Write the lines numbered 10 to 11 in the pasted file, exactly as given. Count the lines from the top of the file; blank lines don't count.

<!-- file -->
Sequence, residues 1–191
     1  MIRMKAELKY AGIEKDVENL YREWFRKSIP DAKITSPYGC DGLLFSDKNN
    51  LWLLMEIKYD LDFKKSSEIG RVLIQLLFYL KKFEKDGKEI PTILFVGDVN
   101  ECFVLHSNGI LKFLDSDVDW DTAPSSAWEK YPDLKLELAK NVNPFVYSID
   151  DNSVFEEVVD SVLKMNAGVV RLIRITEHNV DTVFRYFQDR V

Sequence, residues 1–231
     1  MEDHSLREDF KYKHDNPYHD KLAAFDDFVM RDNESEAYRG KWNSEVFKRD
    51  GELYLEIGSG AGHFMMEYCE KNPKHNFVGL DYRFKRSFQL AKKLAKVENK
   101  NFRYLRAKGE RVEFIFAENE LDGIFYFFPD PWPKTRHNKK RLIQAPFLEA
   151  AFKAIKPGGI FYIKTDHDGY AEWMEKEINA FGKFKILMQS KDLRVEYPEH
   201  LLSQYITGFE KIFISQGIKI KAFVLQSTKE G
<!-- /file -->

   151  AFKAIKPGGI FYIKTDHDGY AEWMEKEINA FGKFKILMQS KDLRVEYPEH
   201  LLSQYITGFE KIFISQGIKI KAFVLQSTKE G